LINCOLN PARK — A group of bike enthusiasts met Tuesday to map out potential locations for the 35 bike share stations that will be coming to the neighborhood in the spring of 2013, when the city's bike share program is scheduled to launch.
The plan is to put the stations a maximum of about a quarter mile from the next closest bike shares, but Ald. Michele Smith will have the final say.
The group hopes that Lincoln Park and Old Town residents who would normally drive to work because of the long walk to an "L" station will instead hop on a bike and make use of the public transit system.
"It's not geared for tourists. It's really meant for residents," said Michelle Stenzel, a 44-year-old Lincoln Park resident and member of the mayor's Bicycle Advisory Council. "The idea is it's really part of the transportation system."
The group's ideas focused on placing stations near cultural landmarks such as the Lincoln Park Zoo and the Chicago History Museum, as well as throughout residential neighborhoods and near every "L" station and bus stop.
Come spring, there will be 3,000 bicycles stationed at 300 bike share stations across the city in an area bordered by Montrose Avenue to the north, Damen Avenue to the west and 39th Street to the south. A year after the initial launch, the city plans to add another 100 stations and 1,000 bikes.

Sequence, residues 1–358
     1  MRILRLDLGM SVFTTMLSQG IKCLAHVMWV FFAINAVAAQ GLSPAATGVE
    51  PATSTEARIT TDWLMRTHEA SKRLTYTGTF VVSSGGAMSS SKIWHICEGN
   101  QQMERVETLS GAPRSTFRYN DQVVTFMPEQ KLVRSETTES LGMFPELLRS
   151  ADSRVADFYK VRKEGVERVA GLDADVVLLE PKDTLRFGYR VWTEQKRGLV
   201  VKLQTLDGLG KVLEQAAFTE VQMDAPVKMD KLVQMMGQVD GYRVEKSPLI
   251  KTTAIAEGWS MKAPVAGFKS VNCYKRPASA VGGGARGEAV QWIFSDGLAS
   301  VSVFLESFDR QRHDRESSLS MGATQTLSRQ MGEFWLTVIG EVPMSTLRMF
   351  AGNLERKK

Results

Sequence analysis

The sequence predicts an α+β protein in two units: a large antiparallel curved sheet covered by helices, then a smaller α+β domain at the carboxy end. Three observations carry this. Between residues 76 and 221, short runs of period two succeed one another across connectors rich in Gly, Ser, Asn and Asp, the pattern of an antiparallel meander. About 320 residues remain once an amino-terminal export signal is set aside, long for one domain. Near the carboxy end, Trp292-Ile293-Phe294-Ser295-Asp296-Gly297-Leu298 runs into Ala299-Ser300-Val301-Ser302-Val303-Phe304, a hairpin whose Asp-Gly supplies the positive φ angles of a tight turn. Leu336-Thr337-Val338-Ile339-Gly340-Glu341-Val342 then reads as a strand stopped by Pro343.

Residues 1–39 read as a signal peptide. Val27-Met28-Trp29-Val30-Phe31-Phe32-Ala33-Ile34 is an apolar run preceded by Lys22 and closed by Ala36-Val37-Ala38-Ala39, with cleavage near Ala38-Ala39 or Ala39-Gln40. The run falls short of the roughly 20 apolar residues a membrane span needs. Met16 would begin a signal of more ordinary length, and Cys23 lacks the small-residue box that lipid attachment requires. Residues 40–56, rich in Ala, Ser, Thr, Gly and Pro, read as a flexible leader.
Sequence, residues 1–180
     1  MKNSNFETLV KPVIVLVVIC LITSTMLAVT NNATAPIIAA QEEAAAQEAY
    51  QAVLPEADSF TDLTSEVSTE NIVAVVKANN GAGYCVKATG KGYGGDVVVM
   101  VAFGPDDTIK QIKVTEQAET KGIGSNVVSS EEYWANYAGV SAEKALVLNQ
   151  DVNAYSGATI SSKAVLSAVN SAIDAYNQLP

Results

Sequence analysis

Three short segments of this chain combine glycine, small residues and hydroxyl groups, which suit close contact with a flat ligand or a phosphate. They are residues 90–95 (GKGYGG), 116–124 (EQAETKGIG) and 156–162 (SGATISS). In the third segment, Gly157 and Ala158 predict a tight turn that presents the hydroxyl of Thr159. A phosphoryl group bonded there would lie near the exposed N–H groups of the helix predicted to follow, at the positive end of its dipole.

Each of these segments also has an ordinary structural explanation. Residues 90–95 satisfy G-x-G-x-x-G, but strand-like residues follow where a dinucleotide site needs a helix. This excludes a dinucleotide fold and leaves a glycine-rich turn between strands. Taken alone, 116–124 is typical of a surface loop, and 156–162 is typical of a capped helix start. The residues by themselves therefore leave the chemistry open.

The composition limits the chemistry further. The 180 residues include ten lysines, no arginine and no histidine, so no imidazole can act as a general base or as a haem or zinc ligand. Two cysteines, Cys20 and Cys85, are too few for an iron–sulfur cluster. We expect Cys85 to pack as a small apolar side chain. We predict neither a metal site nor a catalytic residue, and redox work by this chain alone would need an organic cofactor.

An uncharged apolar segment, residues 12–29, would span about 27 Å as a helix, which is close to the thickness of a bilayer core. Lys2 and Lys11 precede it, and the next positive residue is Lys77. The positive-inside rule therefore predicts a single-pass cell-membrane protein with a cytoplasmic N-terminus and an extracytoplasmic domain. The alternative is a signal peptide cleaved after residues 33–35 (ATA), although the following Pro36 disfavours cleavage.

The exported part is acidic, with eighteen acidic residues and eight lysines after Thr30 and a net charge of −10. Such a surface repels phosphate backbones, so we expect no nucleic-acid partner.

The city intended to roll out the program late this summer, but since delaying the launch until the spring, has created a website for residents to suggest locations of the bike stations.
"It's probably good that this got delayed," said Harry Wray, a former professor at DePaul University who focuses on the politics of bicycles. "If you have this opening in the spring, it's good timing."
Many streets in the 43rd Ward, such as North Avenue, are considered dangerous for inexperienced and first-time city bikers, and cyclists such as 38-year-old Michael Reynolds think the mass of new bicyclists and the foreseen accidents that will occur will force the city to make streets more bike friendly.
Reynolds, who manages Performance Bicycle at 2720 N. Halsted St., said that dropping the bike share program into a city that he believes largely remains unsafe for bicyclists might be putting the cart before the horse, but he hopes the bike option will transform the city and its transportation system.
"If you are trying to get to the airport, or it's rainy and you don't want to lock your bike up outside, it makes sense," he said.